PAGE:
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More pregnant smokers in Barnsley than elsewhere

By Lynsey Bradford, Town Reporter Monday 6th January 2014

Barnsley has ten per cent more pregnant smokers than the rest of the country.


Up to 21.9 per cent of pregnant women in Barnsley smoke, and although Barnsley's rates for women smoking at the time they gave birth had fallen from 26.4 per cent in 2006/07, the rate of 21.9 per cent was still higher than regional and national rates of 16.5 per cent and 12.7 per cent respectively.


Members of the Reducing Health Inequalities group felt it represented a significant health risk to infants and was an area where 'real improvement' could be made.


Coun Jeff Ennis, who is a member of the group, said he thought there was still a certain amount of ignorance surrounding smoking during pregnancy.


"We've got to get the educational message across. It's a common fact that if women smoke throughout their pregnancy there is a chance their baby can be born underweight or be born early, and the bigger the baby is at birth, the more chance it has of being healthier later in life.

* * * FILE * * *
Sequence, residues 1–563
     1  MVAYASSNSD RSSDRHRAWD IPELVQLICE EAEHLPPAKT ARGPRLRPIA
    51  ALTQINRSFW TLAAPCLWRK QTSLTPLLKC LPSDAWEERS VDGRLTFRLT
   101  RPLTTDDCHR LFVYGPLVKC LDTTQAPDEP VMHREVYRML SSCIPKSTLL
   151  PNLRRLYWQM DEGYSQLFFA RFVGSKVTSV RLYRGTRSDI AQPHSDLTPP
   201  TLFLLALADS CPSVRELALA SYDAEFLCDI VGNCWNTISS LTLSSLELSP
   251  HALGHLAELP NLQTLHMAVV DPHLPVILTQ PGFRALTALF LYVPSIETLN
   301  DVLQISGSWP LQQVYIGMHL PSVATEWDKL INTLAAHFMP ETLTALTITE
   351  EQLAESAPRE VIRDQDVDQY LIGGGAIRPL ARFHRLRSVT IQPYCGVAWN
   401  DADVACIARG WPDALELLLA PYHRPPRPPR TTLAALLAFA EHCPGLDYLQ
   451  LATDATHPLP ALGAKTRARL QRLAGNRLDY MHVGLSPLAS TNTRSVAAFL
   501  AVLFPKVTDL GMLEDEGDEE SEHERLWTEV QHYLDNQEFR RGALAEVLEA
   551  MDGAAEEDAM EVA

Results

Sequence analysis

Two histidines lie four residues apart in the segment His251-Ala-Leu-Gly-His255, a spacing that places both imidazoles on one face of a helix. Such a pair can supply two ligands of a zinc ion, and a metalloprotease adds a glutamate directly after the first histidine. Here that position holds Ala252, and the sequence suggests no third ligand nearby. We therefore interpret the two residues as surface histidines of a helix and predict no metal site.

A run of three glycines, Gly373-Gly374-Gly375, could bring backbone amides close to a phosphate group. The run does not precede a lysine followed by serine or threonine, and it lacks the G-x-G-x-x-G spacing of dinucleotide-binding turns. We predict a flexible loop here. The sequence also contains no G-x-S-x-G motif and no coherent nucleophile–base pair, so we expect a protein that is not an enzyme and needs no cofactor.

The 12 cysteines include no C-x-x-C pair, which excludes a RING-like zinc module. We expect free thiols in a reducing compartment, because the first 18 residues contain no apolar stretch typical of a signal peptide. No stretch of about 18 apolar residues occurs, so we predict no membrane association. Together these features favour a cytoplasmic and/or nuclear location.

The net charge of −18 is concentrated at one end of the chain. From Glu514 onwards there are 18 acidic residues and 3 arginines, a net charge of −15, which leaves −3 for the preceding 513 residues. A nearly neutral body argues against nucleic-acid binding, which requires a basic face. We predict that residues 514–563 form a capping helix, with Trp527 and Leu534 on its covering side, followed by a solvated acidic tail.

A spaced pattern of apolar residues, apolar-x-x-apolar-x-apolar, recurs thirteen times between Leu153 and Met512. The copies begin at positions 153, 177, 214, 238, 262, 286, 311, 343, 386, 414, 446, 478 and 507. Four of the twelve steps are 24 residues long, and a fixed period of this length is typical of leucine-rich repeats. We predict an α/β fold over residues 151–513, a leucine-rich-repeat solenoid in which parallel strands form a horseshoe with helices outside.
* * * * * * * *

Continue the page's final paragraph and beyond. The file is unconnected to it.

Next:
"We've just got to keep enforcing that message and give whatever help and support we can before the baby is born.


"We need better role models and the women who are stopping smoking need to be coming forward and telling the other women."


A lot of work has taken place over the last four years to develop services at the hospital which have helped women stop smoking.


It is run alongside others such as the Fit Mums programme and the Stop Smoking Services, which have had some success.


The percentage of adults smoking in Barnsley is 25.6 per cent, compared to 20 per cent in England and 22.2 per cent in Yorkshire and Coun Ennis was also concerned that electronic cigarettes may encourage young children to take up smoking.


"Some wards are better than others, so there's a need to get best practice across the whole of the borough.


"E-cigs are not due to be regulated by the government until 2016, and with the number of stalls in the town centre, I'm concerned that youngsters might be encouraged to try them and then move onto real cigarettes."